Why does the phi component of the current is zero?

Aug 2019
88
23
India
These are images from the book Introduction to Electrodynamics by David J. Griffiths .

mymath.png.


mymath2.png.

My problem is that I'm unable to understand how the current has zero $\phi$ component (I have underlined it in the first image)? I do understand cylindrical coordinates, I know cylindrical coordinates involve three components $(r, \phi, z)$ and $\hat{r}$ points radially outwards, $\hat{\phi}$ points perpendicular to $\hat{r}$ and even to $z$ axis.

I fully understand this image (credit: Frobenius)
1584382152017.png.

But in spite of all these I can't seem to understand how the current have no $\phi$ component, Well, in that toroid we have current going on in circles and really I don't anything more than this.

I tried making some diagrams for understanding it, like these
1584382273066.png.

1584382288361.png.

I asked some people and they have this to say
There will always be a $\phi$ component of II from the toroid, but if $n=N/L$ is made very large, then the toroid current $I$ can be minimized. This step is really necessary, because it really simplifies things.
Theoretically, we can also make the wire as fine as possible. The result is a current per unit length exactly how it is modeled, without any $\phi$ component, with $n=N/L \to ~+\infty$ , and $I \to 0$, and finite current per unit length $K=nI$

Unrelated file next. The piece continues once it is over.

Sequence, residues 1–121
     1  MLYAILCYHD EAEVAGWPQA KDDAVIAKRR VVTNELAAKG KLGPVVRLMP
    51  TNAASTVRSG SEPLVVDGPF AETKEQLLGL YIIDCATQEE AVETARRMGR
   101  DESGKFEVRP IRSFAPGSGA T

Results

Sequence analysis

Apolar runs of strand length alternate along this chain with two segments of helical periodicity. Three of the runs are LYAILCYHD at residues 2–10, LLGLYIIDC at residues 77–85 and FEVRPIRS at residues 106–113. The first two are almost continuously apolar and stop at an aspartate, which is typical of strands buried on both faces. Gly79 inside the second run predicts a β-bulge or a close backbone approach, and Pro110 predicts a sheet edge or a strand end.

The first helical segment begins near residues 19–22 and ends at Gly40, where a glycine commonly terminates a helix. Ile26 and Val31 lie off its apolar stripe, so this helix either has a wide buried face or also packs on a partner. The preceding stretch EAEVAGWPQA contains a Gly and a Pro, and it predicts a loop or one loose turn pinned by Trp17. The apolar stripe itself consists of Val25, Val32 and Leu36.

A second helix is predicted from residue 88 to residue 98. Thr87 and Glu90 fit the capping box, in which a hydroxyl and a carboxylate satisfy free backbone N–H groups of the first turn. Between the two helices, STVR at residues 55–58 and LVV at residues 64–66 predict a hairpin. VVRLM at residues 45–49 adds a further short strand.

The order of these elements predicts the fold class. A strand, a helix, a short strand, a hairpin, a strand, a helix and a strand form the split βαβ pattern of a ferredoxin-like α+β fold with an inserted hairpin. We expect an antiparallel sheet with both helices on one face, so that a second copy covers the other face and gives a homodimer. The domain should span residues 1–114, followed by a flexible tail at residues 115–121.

Please help me, devise your own method to explain me. I have tried so so hard to understand them but to be honest it seems to me that the things that I have quoted above have no relation to what I asked. Please help me.
 

topsquark

Math Team
May 2013
2,532
1,051
The Astral plane
We are looking at the situation as if we have a huge number of individual loops of wire that are independent of each other. Take the plane of one of these coils as being in the plane formed by, say the xz plane. The loop has no width to it so it has no span in the \(\displaystyle \phi\) direction. If we had only a few loops with a physical wire (that is to say it has a width) we couldn't say this.

-Dan
 
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Aug 2019
88
23
India
We are looking at the situation as if we have a huge number of individual loops of wire that are independent of each other. Take the plane of one of these coils as being in the plane formed by, say the xz plane. The loop has no width to it so it has no span in the \(\displaystyle \phi\) direction. If we had only a few loops with a physical wire (that is to say it has a width) we couldn't say this.

-Dan
Thank you so much, you solved my doubt very efficiently.